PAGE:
Laminating Guitar Sides and Linings
Laminating guitar sides is one of the many of the techniques I use in guitar making that come from my days of furniture making. There are basically two methods guitar makers use to bend sides, steam or heat bending and laminating, and both methods work. And they will work equally well on classical guitars as well as steel string guitars.
I am not the first guy to laminate the sides of the guitar. The old top of the line Rameriz 1A classical guitars had laminated sides. Daniel Friedrich laminates the sides of his guitars as well. There are more now but back when I started doing it these were the only two I knew of. Bending with heat takes time and is fairly inaccurate. Laminating his it beat on both these counts alone. And there are many more advantages. There is more information on the advantages below.
Torres believed that the purpose of the guitar’s sides were simply to hold the to and back apart and had nothing to do with sound production. He made a guitar with paper-maiche sides to prove his point. An optimal set of sides are to be as stiff as possible. They behave much like the rims of a drum. They hold the skin taut and don’t get in the way. That is exactly how your guitar sides should behave.
When I was designing and building furniture I used this method of laminating exclusively to create just about any desired shape. I found it to be very reliable and easily repeatable. I now use this method to make linings and purflings. If done properly this method will produce lasting superior results. I started laminating sides on my second or third guitar. I have not done it any other way since.
Advantages, Demonstration & Details
The Thickness of the Laminations
When laminating wood to create a shape the rule is, more and thinner laminations will produce better results. If you are building guitars using the traditional Spanish method of fitting the sides into slots in the heel, it is best to make the total thickness of your sides slightly bigger than the slot. If you are using the side slot cutting sled with a .100″ wide table saw blade, it is best to make the total thickness of all 3 laminations approximately .115″. This way it will be necessary to trim the sides slightly to produce a tight fit.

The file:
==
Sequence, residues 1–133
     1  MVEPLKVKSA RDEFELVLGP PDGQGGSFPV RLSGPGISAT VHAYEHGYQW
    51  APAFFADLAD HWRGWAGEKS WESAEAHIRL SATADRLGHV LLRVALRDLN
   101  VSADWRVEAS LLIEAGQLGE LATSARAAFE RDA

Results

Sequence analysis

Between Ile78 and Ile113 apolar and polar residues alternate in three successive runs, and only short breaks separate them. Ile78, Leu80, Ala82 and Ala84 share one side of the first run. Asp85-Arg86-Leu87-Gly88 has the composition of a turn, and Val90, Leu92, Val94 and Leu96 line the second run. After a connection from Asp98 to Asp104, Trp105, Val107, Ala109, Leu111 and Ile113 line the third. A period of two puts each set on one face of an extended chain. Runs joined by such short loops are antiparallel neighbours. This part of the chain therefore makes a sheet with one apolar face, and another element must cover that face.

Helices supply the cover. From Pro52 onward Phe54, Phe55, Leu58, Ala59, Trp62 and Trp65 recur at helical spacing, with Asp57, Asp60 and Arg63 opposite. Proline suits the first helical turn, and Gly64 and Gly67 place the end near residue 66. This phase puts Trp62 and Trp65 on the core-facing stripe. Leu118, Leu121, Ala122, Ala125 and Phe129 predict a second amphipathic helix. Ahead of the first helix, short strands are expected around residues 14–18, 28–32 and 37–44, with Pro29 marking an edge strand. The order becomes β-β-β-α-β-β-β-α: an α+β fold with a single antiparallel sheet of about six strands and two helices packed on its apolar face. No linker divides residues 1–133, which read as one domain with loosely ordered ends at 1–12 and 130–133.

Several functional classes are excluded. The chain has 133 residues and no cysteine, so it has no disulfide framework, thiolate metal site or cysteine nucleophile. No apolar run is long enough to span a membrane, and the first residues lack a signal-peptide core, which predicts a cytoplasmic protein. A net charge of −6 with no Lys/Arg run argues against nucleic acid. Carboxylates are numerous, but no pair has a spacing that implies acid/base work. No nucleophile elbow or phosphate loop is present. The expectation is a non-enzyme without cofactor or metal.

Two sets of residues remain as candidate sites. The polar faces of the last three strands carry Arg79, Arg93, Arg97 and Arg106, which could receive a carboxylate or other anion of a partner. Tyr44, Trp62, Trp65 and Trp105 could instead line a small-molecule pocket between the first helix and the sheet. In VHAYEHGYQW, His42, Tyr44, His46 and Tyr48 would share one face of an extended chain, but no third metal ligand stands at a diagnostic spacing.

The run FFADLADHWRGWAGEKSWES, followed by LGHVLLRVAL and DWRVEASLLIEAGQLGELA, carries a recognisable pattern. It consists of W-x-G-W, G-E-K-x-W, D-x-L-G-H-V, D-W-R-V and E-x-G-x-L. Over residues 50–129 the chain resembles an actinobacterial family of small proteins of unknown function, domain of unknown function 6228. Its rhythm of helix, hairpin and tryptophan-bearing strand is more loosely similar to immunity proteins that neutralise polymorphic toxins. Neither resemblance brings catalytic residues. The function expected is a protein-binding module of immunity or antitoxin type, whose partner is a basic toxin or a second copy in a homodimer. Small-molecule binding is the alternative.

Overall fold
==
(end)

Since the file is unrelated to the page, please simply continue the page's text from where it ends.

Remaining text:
The outer layer of wood must be thinned down to between .070″ and .065″. I typically pre-bend the outer layer of to make the process go smoothly. At this thickness it will bend easily without water and there will never be a chance of sanding through. The inner laminations are two pieces of .6mm (.022″) thick veneer.
Wood for Inner Laminations
For laminating guitar sides I find that certain woods work well for the inner laminates. On spruce top instruments I typically use Alaskan yellow cedar, or sitka spruce if I can find some. On a cedar top guitar, pear wood is my wood of choice. Alaskan yellow cedar and pear wood side laminations are available in the store. Before laminating lightly sand the inside surface of the rosewood especially if it has been pre-bent in a side bending machine. Apply the glue evenly, preferably with a roller. Sandwich all the pieces together, place them in the mold with the cauls on top, and apply the clamps starting at the waist.